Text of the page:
Fishing For the Stoic Truth: Memento Mori

For those of you who know me; you know I love to fish. You also know that I do so on my inflatable paddle board (see, paddle board season). I love to be free on the water. By taking my paddle board out onto the lakes of Wisconsin, I feel as free as I could possibly be.

When I’m on the water, time stops. I don’t have to worry about what’s going on at work. I don’t need to check my phone every five minutes. I don’t even need to answer to my friends or family or loved one. Sorry everyone! But really, when I’m on the water, I’m at peace. I just feel liberated. 

If I do send a picture or share on my social media, it’s because I want to share my experience with you. I felt inspired enough to take my phone out and take this picture. I have to oblige by the rules of the internet and show it off. If I catch a cool sunset or a giant ass fish, you best believe my circle will see it. I do this because I want to inspire. I feel inspired every time I hit the water.

Time never truly stops, though. It certainly feels like it does. While paddle boarding all over the lake or river or pond, whatever body of water I’m in, my day goes by slowly. I think that’s because of not having any worldly distractions. It’s just me, beer, fishing gear, good tunes, maybe a book, and natural sunlight. It really does not get any better than that. My home away from home was always been camping up north, and it’s fast becoming just the water in general.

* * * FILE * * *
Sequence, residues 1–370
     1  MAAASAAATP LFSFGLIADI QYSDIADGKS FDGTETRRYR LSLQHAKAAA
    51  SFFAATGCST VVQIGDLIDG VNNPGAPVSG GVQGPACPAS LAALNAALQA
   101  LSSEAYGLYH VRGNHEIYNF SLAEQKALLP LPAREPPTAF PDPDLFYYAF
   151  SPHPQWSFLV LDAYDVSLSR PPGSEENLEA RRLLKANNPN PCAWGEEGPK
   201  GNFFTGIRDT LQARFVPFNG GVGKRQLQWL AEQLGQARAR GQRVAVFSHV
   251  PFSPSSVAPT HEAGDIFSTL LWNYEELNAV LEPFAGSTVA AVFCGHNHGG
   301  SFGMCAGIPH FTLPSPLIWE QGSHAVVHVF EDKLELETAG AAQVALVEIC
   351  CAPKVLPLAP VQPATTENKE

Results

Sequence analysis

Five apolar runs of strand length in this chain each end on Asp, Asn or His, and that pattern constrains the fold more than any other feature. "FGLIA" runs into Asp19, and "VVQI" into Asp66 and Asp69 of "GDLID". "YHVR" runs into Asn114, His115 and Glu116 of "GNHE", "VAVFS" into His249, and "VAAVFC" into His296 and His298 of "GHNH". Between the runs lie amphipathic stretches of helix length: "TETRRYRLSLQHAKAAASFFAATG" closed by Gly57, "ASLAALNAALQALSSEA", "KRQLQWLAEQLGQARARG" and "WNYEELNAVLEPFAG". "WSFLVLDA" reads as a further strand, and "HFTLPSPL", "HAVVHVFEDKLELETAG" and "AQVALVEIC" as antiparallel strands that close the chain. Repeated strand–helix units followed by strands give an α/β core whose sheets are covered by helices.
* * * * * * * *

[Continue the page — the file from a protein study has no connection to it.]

Yesterday, however, went a little bit differently. I had my half-day at work, meaning, I was able to go home at 12:00 PM, noon. Since it was such a gorgeous day out (about 80 degrees, not too humid), I decided I HAD to go fishing on the Mississippi river in La Crosse, WI (about 30 minutes from where I live). I bought myself a six pack of beer, live bait and off I went. I was on the water by 1:00 PM. Another positive to having an inflatable paddle board (very quick and easy setup). 

I was getting skunked (not catching anything) for awhile, but I was enjoying my time greatly. I could not catch a single fish or even get a bite all day and be happy with my time on the water. Do I want to catch a stringer full of bluegill or bag a huge northern pike? Absolutely. I see that as a bonus though. Remember, I go to escape the rigors (funeral director pun not intended) of daily life. I want to feel free and escape reality.

The reality that we live in, but don’t always recognize, though is life and death itself. That took a weird turn, didn’t it? Being a funeral director I’m faced with such a reality every single day. I get caught up in taking care of other families who lost their loved one, that I do lose focus on my own life. I’ve let my career get in the way of relationships and my own sanity before. I haven’t always handled it well, but I have gotten a lot better. How? By escaping when I can. By clearing my mind.